Trades People – trust me, QR codes can work for everyone.

Are you a plumber and want to build a loyal following of customers? How about sending the occasional email, text or card to people in your area? But to do this, you need their contact details. One suggestion is to put a QR code on your van, invoices, signs etc, offering a 10% discount on your standard hourly rate. To register for this offer, all someone needs to do is scan the code and enter their name, address and email into a simple form accessed through their phone. Again – win-win. They get a discount and you get the chance to have a loyal customer.

These are two simple ideas that don’t require a lot of work or expense. You know your business and your customers. It should not be too difficult to come up with an idea that suits your business. If you are lacking in ideas jump onto your computer and see what others are doing.

Once you start your database you need to keep working on it. Constantly add new people, update details and generally keep it fresh and clean. If you wait to do a spring clean once a year, you may find that your list quickly becomes stale and ineffective.

Creating the call to action

Unless the purpose of your marketing campaign is to increase brand awareness, your campaign should have a call to action.

Unless the purpose of your marketing campaign is to increase brand awareness, your campaign should have a call to action. In other words, you design the advert so that it causes the person who is interacting with it to do something specific.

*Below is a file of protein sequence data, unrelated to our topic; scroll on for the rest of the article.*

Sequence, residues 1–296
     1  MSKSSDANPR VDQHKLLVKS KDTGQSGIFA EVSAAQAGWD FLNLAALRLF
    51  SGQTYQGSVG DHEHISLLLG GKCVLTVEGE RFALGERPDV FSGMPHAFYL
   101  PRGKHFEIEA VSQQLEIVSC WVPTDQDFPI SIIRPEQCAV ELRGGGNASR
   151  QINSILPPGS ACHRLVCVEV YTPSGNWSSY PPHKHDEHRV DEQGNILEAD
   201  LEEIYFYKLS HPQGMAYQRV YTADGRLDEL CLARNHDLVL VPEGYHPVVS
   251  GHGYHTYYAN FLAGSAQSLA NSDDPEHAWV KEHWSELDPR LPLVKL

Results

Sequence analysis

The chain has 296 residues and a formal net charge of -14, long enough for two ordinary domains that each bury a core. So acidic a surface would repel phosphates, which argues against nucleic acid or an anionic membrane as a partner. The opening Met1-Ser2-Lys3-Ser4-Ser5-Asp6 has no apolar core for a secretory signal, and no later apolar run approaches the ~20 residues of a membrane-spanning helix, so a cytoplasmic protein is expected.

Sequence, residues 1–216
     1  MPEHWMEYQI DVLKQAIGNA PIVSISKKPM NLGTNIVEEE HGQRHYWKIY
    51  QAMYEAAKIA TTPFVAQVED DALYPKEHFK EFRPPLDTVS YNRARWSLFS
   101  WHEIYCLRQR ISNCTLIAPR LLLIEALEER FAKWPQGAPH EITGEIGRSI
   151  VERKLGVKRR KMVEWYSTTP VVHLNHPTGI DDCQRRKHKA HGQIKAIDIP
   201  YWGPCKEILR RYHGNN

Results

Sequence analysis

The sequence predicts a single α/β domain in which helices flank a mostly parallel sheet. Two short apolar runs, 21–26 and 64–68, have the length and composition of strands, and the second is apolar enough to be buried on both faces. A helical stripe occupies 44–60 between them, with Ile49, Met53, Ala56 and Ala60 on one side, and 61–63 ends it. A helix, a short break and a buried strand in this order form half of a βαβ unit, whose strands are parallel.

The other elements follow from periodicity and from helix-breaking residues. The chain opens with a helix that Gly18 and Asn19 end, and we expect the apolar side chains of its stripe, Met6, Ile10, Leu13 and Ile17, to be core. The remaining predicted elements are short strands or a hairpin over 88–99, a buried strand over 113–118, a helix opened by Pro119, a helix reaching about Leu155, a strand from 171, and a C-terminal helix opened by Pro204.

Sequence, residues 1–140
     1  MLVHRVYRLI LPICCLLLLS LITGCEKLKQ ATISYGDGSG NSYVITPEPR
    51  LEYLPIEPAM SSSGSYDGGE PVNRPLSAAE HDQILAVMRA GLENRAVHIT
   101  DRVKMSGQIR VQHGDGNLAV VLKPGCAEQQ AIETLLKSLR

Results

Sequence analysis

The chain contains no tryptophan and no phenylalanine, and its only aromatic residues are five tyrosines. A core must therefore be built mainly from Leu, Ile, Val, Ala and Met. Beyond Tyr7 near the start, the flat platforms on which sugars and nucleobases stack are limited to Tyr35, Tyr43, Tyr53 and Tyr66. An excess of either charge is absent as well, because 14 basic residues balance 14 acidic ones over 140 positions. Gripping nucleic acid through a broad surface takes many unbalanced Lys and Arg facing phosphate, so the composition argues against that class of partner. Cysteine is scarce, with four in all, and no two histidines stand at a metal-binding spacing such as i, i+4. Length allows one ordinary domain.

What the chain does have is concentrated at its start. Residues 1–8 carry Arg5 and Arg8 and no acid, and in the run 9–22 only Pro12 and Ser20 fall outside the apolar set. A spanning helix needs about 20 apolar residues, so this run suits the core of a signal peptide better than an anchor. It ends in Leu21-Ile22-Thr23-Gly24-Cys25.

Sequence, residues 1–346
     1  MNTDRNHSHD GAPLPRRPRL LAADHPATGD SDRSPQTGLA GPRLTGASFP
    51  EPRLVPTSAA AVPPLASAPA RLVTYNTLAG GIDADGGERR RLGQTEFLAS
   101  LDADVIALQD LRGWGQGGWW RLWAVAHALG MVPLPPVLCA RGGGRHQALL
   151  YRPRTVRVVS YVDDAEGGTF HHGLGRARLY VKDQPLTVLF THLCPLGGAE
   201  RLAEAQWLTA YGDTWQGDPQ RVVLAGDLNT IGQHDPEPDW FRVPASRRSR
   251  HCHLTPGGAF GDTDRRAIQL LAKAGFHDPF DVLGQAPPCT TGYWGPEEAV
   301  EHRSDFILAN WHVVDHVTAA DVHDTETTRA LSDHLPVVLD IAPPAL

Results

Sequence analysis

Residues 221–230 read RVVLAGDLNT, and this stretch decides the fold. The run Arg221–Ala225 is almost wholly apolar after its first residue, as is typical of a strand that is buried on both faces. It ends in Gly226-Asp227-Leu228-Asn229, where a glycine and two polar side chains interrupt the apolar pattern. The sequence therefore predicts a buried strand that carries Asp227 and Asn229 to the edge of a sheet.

When developing your call to action, you need to put yourself in the shoes of your audience. It’s all well and good coming up with a wonderful master plan about how you can see your advert increasing sales by 100%, but if your call to action is complicated or unappealing, it won’t work.

Design your advertisement with your audience in mind and then keep them in mind when you develop your call to action. Remember that your job is not done until the whole journey is mapped out. In fact, it would be handy to use marketing planning software to visually map each touch point.

Increasingly, a call to action includes getting your audience to go to a website, open an app or carry out some other action using email, Facebook or an online advert. If your first touch point used technology, then it’s relatively simple: just get people to click on a link. But what if you used another advertising medium? You can’t click on a link in a newspaper advert, or in a flyer.